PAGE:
Off-trade can beat below-cost ban

By John Harrington

- Last updated on GMT

Related tags Sales Price Public house Wsta Bbpa

Supermarket deals: the debate goes on
Supermarket deals: the debate goes on
Supermarkets could still sell alcohol at rock-bottom prices if below-cost sales were banned using a definition supported by off-trade chiefs....

Supermarkets could still sell alcohol at rock-bottom prices if below-cost sales were banned using a definition supported by off-trade chiefs.

Selling beer for about 54p a can and wine for £2.33 a bottle would be permitted if the new Government banned sales below duty plus VAT, the definition supported by the Wine & Spirit Trade Association (WSTA).

It poses questions about the off-trade's commitment to move away from deep discounting.

The news follows confirmation that a ban on below-cost sales will feature in the Police Reform & Social Responsibility Bill. The measure also received high-profile support from Tesco boss Terry Leahy.

WSTA figures show that average duty on a bottle of wine is £1.69, and VAT is 64p, making £2.33 in total.

The British Beer & Pub Association (BBPA) estimates that duty plus VAT amounts to about 70p for the average pint, or 54p for a 440ml can.

WSTA chief executive Jeremy Beadles said: "The WSTA supports a ban on selling alcohol below the level of duty plus VAT, on the basis that these are both consumer taxes and, therefore, the cost should be passed on to the consumer."

Another reason is that calculating cost price any other way is almost impossible because there are so many variables.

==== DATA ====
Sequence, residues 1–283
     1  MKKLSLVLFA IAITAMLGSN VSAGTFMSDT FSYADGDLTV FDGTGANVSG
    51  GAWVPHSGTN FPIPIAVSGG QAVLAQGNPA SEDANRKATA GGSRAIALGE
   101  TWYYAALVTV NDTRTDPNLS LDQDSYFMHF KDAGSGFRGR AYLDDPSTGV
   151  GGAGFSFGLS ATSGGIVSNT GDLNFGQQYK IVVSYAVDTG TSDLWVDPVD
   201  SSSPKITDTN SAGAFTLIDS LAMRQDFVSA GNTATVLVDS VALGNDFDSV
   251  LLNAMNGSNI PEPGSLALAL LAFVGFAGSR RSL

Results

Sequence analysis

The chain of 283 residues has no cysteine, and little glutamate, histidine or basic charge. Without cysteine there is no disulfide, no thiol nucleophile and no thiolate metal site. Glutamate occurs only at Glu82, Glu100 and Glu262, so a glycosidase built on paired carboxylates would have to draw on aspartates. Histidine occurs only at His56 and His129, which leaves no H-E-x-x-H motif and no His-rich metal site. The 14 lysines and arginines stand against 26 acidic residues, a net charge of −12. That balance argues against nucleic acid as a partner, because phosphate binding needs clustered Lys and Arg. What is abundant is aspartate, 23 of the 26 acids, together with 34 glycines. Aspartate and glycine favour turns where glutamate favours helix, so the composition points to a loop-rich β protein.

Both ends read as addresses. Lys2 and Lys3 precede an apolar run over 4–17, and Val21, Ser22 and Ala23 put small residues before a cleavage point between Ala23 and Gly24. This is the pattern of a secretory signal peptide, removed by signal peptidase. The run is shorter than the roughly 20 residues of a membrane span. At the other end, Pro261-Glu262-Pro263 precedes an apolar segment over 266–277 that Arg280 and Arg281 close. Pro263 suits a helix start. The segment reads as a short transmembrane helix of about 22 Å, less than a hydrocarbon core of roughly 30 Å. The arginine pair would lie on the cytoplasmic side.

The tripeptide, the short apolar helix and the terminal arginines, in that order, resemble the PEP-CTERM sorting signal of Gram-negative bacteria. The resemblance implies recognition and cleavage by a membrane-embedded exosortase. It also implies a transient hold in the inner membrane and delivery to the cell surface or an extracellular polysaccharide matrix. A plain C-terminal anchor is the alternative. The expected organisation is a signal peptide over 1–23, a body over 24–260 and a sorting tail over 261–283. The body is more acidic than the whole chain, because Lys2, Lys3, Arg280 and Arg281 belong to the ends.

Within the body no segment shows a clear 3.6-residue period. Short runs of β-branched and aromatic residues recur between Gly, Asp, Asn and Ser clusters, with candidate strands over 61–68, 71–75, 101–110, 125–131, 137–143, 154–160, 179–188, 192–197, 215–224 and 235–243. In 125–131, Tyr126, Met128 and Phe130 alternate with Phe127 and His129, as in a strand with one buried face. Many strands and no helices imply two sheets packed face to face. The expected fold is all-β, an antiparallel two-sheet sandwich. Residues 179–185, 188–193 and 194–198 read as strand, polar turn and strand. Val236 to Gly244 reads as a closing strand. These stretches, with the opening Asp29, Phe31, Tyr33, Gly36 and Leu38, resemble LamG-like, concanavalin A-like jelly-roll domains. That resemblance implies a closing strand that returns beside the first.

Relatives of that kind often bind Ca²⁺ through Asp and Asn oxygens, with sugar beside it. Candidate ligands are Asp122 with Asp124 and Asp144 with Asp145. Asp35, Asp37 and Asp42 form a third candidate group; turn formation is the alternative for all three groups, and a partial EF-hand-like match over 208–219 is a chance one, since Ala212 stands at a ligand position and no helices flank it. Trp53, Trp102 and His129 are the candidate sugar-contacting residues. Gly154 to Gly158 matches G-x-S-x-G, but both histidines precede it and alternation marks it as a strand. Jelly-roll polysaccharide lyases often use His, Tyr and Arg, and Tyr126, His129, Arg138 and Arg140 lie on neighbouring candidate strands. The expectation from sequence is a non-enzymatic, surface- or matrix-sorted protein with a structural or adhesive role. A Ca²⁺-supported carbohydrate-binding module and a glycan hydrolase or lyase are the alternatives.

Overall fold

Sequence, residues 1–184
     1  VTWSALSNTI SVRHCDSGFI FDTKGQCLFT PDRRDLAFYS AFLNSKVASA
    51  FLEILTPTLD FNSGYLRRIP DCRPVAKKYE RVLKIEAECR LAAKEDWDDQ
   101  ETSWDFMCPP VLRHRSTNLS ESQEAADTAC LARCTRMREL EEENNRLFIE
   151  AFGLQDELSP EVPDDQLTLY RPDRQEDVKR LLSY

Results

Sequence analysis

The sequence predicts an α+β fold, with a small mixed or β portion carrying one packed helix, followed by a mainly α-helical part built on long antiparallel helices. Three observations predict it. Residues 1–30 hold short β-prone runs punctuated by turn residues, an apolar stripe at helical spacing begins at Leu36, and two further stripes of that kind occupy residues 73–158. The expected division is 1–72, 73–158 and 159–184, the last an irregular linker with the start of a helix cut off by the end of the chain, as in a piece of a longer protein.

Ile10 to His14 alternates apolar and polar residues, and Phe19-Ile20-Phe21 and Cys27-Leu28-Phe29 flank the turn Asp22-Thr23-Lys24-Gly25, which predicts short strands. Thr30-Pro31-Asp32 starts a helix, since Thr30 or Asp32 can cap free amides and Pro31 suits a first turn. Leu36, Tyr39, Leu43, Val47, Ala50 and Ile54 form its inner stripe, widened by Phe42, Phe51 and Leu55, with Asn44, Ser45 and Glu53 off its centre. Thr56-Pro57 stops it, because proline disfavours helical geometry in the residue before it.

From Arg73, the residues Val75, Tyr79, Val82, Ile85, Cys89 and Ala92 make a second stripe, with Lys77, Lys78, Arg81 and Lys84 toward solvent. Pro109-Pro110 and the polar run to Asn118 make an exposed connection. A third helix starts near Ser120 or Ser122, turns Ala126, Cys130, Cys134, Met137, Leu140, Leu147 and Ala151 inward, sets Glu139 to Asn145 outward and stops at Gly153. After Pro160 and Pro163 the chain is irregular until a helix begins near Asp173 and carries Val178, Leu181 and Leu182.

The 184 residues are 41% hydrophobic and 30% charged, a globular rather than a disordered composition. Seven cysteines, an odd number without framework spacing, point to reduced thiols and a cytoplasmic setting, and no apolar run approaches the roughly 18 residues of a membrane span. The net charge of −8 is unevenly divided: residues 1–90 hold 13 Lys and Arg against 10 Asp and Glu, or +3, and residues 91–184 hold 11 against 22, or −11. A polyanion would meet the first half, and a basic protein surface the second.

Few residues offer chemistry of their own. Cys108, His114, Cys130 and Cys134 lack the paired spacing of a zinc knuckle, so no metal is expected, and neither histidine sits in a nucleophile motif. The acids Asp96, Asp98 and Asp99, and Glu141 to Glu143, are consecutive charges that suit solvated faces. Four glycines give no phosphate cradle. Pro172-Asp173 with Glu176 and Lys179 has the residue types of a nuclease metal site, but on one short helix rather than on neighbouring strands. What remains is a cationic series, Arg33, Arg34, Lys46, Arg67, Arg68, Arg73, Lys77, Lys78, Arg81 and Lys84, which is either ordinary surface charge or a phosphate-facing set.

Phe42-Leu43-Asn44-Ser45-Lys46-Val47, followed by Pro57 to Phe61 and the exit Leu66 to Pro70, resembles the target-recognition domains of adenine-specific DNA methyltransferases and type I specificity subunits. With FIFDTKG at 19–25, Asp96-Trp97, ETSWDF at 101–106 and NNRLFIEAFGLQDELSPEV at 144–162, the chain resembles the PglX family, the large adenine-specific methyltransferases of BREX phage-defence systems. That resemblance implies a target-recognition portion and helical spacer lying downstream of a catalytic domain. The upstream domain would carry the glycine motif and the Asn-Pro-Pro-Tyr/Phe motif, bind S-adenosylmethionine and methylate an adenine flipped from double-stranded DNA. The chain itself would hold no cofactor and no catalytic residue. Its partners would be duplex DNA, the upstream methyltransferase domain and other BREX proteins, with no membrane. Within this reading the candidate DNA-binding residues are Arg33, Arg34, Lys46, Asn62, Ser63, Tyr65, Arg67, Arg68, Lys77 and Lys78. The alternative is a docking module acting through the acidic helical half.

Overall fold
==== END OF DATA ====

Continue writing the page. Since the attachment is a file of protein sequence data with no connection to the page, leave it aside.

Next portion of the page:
But BBPA communications chief Mark Hastings said cost price could be determined by stores telling a Government agency in confidence how much they pay.

"The Competition Commission currently handles such data in confidence so it can be done. This is the system that operates in Spain — so if they can do it, I'm sure we can!

"The bottom line here is that you cannot ignore production and distribution costs and margins. That would be illogical and unsustainable."

Writing in the Telegraph, Leahy said: "We welcome the new Government's commitment to act on below-cost selling of alcohol and today I pledge that we will support Government-led action to make this happen across the UK. We will also support any future discussions on a minimum price for alcohol."

But Association of Licensed Multiple Retailers chief Nick Bish slammed Tesco's "hypocrisy" by offering deals such as two packs of beer for £16, or just 67p per pint.

Meanwhile, minimum pricing — which is not included in the new coalition Government's plan — has received support from both Mitchells & Butlers and Greene King, as well as the World Health Organisation.

• Nearly four out of five consumers (78%) pre-load most of the time, and 20% spend less in pubs when they go out, says a new survey from Zolfo Cooper. The trend will increase as the World Cup nears, says the firm, which urged pubs to "differentiate" their offer and not just rely on price.

Related topics Licensing law

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